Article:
Clearly in a White majority society, there are limited roles for Black and Asian performers, hence the demand for ‘colour blind’ casting, as actors from ethnic minorities are given the roles of White characters. I also wonder if some of the casting of Black performers for reasons of diversity isn’t part of an attempt to create work for them. I heard from academics years ago that there’s actually only work for a 1/4 of the drama students who graduate everywhere. I think if this was not tackled, it would be particularly acute for Black performers. And so to avoid another furore about racism and for the other reasons discussed, the entertainment industry is deliberately casting Black performers in greater proportion than they are as part of the general British population.

This forced diversity is unpopular with White right-wingers like Webb and Belfield, but it is a problem when it serves to discriminate against Asians. And that needs to be tackled, like any other form of racism.

Was Wissen Sie von England, Die Nur England Kennen?

November 21, 2013

This is my schoolboy German for ‘What do they know of England, who only England know?’

One of the major problems facing this country is the British refusal and apparently inability to learn other people’s languages. Having a second language can be immensely personally enriching, as it gives you a greater access to nations and cultures beyond your own. British visitors to the Continent, for example, can be pleasantly surprised and delighted by the way their stumbling attempts to speak the language of the country they’re visiting is appreciated by its people. Even if what you’re trying to say is halting and stumbling, the people you’re saying it to generally appreciate you’re making the effort, rather than arrogantly assuming that everyone speaks English. There have also been concerns for a long time that British industry is being held back by our collective reluctance to learn other tongues. Industrialists have long pointed out that if we want to sell our products to other nations, we have to persuade them to buy British in their own languages. And unfortunately, too few of us are studying another tongue.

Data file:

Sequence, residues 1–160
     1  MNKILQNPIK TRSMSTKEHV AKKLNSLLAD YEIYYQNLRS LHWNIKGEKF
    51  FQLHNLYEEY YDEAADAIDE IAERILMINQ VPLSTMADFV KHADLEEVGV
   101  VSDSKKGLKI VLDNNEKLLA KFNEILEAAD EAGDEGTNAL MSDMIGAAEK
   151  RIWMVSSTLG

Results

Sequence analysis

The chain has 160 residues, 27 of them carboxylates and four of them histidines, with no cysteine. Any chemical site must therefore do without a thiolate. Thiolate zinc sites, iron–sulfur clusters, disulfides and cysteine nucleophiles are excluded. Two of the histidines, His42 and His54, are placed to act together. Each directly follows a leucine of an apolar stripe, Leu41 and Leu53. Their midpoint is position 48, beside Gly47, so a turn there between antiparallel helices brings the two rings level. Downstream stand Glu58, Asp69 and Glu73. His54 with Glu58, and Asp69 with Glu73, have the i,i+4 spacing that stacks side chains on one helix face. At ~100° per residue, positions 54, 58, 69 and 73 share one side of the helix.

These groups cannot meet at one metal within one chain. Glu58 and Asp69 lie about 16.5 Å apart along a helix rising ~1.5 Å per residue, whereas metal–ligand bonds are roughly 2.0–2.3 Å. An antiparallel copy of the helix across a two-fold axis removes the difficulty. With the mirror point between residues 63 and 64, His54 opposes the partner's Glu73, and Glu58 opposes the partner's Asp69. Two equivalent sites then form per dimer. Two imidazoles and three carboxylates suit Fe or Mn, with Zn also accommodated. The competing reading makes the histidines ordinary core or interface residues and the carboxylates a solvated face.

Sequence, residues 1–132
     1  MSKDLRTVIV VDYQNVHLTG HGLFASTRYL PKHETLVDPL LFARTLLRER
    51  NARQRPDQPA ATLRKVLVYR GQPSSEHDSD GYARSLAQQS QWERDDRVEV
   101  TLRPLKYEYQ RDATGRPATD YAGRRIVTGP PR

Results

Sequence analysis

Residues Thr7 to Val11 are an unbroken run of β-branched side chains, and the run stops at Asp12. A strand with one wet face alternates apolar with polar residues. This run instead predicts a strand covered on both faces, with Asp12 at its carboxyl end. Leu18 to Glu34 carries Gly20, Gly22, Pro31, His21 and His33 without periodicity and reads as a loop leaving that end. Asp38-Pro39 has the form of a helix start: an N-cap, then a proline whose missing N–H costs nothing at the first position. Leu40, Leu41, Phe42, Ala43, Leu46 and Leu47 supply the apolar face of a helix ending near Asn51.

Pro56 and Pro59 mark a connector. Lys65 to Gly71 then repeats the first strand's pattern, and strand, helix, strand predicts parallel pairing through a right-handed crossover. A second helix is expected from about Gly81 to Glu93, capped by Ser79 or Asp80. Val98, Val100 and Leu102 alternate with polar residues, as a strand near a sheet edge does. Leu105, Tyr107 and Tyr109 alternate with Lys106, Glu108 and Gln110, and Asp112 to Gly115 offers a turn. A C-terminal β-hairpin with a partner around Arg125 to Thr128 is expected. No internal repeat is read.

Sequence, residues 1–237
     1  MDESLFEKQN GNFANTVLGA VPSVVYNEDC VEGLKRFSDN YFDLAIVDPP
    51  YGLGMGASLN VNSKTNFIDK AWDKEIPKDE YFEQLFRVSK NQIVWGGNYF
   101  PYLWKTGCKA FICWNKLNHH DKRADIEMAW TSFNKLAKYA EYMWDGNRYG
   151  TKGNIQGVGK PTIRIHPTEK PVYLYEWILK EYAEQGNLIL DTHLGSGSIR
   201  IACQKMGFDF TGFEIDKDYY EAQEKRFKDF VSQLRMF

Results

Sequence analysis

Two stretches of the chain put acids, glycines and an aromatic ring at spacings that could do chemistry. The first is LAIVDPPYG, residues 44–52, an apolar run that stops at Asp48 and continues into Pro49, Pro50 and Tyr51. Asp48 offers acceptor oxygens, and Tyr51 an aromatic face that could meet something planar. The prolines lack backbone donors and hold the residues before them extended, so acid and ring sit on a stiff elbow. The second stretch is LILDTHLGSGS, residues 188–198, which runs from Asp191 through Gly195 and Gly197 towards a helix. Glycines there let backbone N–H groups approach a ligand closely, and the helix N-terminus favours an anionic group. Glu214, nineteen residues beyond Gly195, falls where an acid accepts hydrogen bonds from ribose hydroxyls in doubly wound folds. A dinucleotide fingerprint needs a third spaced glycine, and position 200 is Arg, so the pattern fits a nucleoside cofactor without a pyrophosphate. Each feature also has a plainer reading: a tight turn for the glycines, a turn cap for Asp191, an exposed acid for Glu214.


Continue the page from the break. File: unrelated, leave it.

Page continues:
This problem was being earnestly debated on breakfast television Tuesday or Wednesday morning. The Beeb were talking about the personal and professional advantages of speaking foreign tongues. One of their guests in this matter was a gentleman, one of those veritable ‘Briareus of tongues’, who could speak very many of them. In this case, the man could speak about eleven fluently. This is rather less than the eighteenth century Italian cardinal, who had mastered fifty, and who was therefore given the above nickname. Unfortunately, despite such multi-lingual experts as the Beeb’s guest a day or so ago, few people are following their example.

And it does shows, especially in some of the ideologues of the Right, who argue we should be following the employment practices of other nations, like the authors of Britannia Unchained. This bunch denounced British workers as lazy, and urged that the nation’s workforce copy those of the powerhouses of the developing world like China and India in working 19th century hours for miserable pay in the kind of conditions described and denounced by Charles Dickens and the other 19th century reformers. They are also doing the workers of the Developing World no service with their book either. Just as Britain and the rest of the Developed World has increased hours, so the working hours in India, China and the other developing nations have been massively extended. It’s a vicious circle, which seems to profit no-one except the multinational business elite now exploiting workers across the globe.

Of course, the author’s of Britannia Unchained seem unaware of this. If they are aware, they certainly don’t want you to be. And they also appear to be stunningly ignorant of business cultures much nearer home, like Germany.

In recent years the Germans have been doing their level best to challenge their image around the world. There has been a flow of steady articles and pieces in the German and foreign press challenging their image as the staunch incarnation of the Prussian virtues of hard-work and efficiency that created the Wirtschaftwunder. Rather than the dour, humourless drones slaving away all hours in the name of ruthless efficiency, the Germans are keen to point out that they do, in fact, enjoy a good joke. A few years ago there were adverts for Berlin, which boasted that it was the place where the art of living was practiced 24 hours a day, complete with a photo of a German rock star strumming out a mighty power chord on his electric guitar. The new Germany, the adverts said, stands for fun.